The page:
Hugh’s views: Where are the frogs?

Posted on 26th March 2024 | in Community

Towards the end of February while walking along the former railway line near Powburn, despite the traffic noise coming from the nearby A697, I was surprised and pleased to hear the heavy purring call of displaying frogs.

The old railway line at this point, was still wet after recent heavy rain and the overgrown drainage ditches on either side were flooded. However, there was no sign of any frogs. After a while, by following their calls, I finally located their spawning ground on the adjacent flooded woodland floor behind a screen of guelder rose and alders. Here I discovered quite a lot of spawn in shallow water sitting on a much deeper layer of mud. The frogs had obviously decided against spawning in the weed choked ditches, but a prolonged spell of drier weather could possibly spell disaster for the survival of these eggs.

No frogs at this flooded site near Hauxley

It set me wondering why it is that with so much suitable habitat around Amble that frogs seem to be non-existent. Over the past few years, I have not come across a single frog anywhere in or around Amble. I thought that my allotment, greatly overgrown when I took it on, would perhaps reveal a frog or even a toad as I gradually cleared it but this was not the case.

Visits to the flashes in Amble Links in early spring have also drawn a blank, although the sight of common snipe, reed buntings, mallard and once even a water rail helped to compensate for the absence of any amphibians. Other areas including the small pools on the other side of the Links Road were similarly frog-free.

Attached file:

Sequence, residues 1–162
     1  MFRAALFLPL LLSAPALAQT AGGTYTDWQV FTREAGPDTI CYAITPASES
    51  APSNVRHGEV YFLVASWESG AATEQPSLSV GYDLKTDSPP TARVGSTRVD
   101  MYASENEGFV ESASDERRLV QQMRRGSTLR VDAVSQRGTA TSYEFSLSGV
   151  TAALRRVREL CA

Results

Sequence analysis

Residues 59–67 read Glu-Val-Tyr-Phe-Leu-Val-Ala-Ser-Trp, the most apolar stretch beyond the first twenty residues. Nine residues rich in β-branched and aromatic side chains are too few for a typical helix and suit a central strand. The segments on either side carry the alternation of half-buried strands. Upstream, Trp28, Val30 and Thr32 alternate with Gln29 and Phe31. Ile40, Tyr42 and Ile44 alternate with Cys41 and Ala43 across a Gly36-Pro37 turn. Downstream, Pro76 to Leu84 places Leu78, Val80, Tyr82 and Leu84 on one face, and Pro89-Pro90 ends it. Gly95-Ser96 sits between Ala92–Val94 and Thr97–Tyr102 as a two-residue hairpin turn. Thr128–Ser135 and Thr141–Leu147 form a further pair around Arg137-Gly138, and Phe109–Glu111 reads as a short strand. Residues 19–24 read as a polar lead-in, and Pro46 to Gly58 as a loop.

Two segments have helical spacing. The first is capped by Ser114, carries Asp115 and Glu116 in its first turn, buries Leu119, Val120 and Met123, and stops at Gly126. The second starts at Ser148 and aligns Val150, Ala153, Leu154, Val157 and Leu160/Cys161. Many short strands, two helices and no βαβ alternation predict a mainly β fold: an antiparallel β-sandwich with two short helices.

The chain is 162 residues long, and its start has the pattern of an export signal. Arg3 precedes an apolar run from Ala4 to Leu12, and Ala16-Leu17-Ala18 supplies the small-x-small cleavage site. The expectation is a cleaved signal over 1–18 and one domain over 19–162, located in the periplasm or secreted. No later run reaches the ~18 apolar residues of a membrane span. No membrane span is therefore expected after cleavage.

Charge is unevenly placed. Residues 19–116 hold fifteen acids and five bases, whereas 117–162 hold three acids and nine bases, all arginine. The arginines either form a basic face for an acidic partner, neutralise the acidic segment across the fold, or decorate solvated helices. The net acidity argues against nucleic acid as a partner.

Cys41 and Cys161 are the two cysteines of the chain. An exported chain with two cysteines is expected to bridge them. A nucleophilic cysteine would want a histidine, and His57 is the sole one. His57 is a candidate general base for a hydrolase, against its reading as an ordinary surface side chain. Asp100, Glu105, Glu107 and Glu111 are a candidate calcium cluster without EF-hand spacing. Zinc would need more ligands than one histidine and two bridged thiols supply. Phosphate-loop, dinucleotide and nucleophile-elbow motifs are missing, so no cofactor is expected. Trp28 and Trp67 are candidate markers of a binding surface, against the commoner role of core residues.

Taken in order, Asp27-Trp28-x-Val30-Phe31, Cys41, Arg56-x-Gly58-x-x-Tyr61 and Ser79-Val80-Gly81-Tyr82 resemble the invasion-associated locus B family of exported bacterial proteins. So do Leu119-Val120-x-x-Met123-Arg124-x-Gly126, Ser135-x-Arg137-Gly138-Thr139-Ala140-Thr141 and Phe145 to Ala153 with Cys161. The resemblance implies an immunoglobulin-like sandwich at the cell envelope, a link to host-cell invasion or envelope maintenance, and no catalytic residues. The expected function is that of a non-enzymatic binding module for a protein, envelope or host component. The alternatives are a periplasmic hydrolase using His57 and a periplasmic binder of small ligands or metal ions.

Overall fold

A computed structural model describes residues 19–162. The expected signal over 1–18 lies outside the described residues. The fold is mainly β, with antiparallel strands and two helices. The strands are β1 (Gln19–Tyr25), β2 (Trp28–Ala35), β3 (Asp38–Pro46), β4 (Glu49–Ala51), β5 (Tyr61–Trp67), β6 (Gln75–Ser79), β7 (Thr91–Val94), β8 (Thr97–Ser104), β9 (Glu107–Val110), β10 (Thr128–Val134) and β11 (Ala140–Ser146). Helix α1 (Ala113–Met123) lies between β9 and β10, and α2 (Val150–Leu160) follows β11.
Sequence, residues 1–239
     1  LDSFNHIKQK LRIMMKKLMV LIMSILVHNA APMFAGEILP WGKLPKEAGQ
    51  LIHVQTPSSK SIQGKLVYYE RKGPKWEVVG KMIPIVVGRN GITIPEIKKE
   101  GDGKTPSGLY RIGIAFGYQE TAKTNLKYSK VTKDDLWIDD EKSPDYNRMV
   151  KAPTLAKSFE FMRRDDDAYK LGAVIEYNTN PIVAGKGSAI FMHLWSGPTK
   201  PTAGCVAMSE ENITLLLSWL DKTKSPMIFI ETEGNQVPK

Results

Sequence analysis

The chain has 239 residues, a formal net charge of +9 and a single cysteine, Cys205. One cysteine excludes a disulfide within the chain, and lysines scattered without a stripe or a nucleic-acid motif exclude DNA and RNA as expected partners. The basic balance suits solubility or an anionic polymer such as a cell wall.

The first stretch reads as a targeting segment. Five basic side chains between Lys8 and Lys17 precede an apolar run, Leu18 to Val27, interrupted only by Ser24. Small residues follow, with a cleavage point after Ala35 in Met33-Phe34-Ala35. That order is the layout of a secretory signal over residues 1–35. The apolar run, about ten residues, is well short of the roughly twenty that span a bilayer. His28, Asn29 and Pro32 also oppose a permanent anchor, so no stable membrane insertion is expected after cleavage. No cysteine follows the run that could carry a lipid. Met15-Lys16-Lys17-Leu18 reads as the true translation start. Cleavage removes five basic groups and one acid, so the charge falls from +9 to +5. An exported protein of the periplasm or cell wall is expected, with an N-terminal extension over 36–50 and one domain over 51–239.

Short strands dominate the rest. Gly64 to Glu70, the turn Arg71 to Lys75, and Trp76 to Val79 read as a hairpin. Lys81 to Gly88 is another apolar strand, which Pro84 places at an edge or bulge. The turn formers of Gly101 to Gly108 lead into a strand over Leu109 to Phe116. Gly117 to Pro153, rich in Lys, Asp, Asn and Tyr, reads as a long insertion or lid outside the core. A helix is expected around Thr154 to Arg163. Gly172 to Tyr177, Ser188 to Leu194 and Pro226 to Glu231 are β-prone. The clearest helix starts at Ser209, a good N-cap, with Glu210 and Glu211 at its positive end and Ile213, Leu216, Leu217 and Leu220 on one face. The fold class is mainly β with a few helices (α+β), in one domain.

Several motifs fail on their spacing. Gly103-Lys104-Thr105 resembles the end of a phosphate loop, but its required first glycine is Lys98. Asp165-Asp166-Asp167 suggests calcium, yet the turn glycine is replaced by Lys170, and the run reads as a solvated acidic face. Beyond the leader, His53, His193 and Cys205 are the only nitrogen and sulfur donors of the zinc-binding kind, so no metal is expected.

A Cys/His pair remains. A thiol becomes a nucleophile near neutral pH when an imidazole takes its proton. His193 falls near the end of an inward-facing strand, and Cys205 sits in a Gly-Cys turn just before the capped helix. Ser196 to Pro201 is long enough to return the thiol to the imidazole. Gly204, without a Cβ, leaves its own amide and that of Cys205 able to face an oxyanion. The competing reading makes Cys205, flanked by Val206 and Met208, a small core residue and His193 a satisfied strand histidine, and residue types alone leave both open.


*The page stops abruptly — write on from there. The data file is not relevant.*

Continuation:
This Spring I have also checked the recently dredged stream and flooded ground behind Kirkwell Cottages but again no frogs. So, what has happened to them all?

Has disease reduced their numbers or have they all made their way to the nearby nature reserve at Hauxley? Perhaps if there is an abundance of spawn in other areas it would help the species to relocate some to suitable habitats around Amble. Relocation seems to have worked well for harvest mice at East Chevington and for several other species at a number of sites around the country.

Seeing a frog either in a garden setting or in the wider countryside was quite commonplace fifty or sixty years ago. How many local children I wonder have actually seen one in real-life?

Hugh Tindall
Are there frogs in Amble? Let us know:

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